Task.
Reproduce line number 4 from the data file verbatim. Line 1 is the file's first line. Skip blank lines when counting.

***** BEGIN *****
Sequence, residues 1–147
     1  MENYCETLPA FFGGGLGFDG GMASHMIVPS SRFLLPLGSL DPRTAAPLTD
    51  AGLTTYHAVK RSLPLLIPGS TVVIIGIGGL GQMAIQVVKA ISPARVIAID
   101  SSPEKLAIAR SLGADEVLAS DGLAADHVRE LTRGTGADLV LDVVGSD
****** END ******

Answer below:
   101  SSPEKLAIAR SLGADEVLAS DGLAADHVRE LTRGTGADLV LDVVGSD